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Infants out of danger as ministry restocks vaccines

Thursday, June 6th, 2024 04:30 | By
A nurse administers an anti-malaria vaccine to a child. PHOTO/Print
A nurse administers an anti-malaria vaccine to a child. PHOTO/Print.

It is a sigh of relief for parents with young children following the arrival of millions of basic doses of vaccines after a sustained civil society and media campaign over shortages.

The Ministry of Health yesterday reported that it was currently processing distribution to the nine regional vaccine stores across the country to address the shortages in the shortest time possible.

In a statement signed by Medical Services Principal Secretary Harry Kimtai, at least 8.3 million have already arrived in the country.


The vaccines include 1,209,500 doses of measles rubella; 3,032,000 doses oral polio (bOPV), 1,000,000 doses tetanus-diptheria, and 3,129,000 doses of BCG.

“To expedite this process, the Ministry of Health has engaged additional refrigerated trucks to ensure these lifesaving vaccines reach our health facilities and communities by the second week of June 2024,” Kimtai said.

The PS also revealed that the Ministry had allocated Sh1.25 billion for the procurement of the routine childhood vaccines.
Immunisation schedule

“As of today, we are pleased to announce the receipt of the four vaccines,” said the PS, calling on healthcare workers to collaborate with community health teams to ensure all children who missed vaccinations return to the facilities and catch up on their immunisation schedule.

“As the vaccines begin arriving, we also urge all caregivers to bring their children back to the facilities for immunisation as vaccine supply has now normalised in the country,” Kimtai said.

The PS expressed gratitude for Gavi support over the years saying it remained committed to ensuring a smooth transition as Kenya moves towards becoming fully self-financing by 2030.

“To achieve this, the Ministry is exploring innovative options for sustainable financing of vaccine procurement and program operations to prevent future stock outs,” he said.

Kimtai also said that the Ministry will continue engaging their counterparts at the National Treasury to ensure increased and dedicated resources towards the immunisation program. He explained that this is meant to ensure stable vaccine supplies.

“Ring-fencing domestic resources will guarantee sustainable financing for immunisation and universal access to vaccines, aligning with our efforts in Primary Health Care,” he emphasised.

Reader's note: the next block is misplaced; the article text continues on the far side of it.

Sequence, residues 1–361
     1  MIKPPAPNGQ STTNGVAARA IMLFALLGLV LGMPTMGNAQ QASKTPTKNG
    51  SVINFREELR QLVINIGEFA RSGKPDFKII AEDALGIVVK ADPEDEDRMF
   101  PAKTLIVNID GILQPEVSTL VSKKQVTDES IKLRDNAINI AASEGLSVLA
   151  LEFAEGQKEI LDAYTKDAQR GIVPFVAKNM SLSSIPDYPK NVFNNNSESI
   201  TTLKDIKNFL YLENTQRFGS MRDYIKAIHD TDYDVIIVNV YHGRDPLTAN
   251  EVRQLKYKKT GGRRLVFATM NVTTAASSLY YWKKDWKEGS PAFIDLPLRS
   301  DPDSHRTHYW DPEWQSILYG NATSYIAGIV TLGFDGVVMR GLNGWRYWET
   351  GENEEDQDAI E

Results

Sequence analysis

Kimtai added; “We acknowledge the role of our immunisation partners, the media, and civil society in amplifying and raising awareness of the vaccine stock out issues.”

Refugee camps

This, he said, indicates a strong health-seeking behaviour in the communities and the excellent demand for vaccines in Kenya. The International Rescue Committee (IRC) that operates in border regions and refugee camps had raised concerns over the implications of vaccines shortage for children in the affected regions.

The committee noted that the shortages not only threatened the health of vulnerable children but also risked undoing significant health advances in the country.

It noted that previous outbreaks of vaccine preventable diseases like polio and measles in border regions highlighted an urgent need for intervention, especially given the vulnerability of the affected populations owing to their endless cross-border movement and nomadic lifestyle.

On June 22, 2023 for instance, a suspected case of circulating vaccine-derived poliovirus type 2 (cVDPV2) was identified in Garissa county.

By August 31, 2023, eight cases had been confirmed, all originating from the expansive Daadab refugee camp.

Similarly, a measles outbreak in Turkana county resulted in 1,444 cases, with 87 per cent of these in Turkana West Sub County, home to the Kakuma refugee camp. The refugee population is particularly susceptible and vulnerable to such outbreaks due to the constant arrival of new refugees and sanctuary seekers from across the border.

Additionally, the severe overcrowdings with suboptimal water and sanitation facilities in the camps easily propagate the spread and transmission of communicable diseases like polio and measles.

The probability of finding a child with zero dose immunisation status is high in these populations, the Committee warned.

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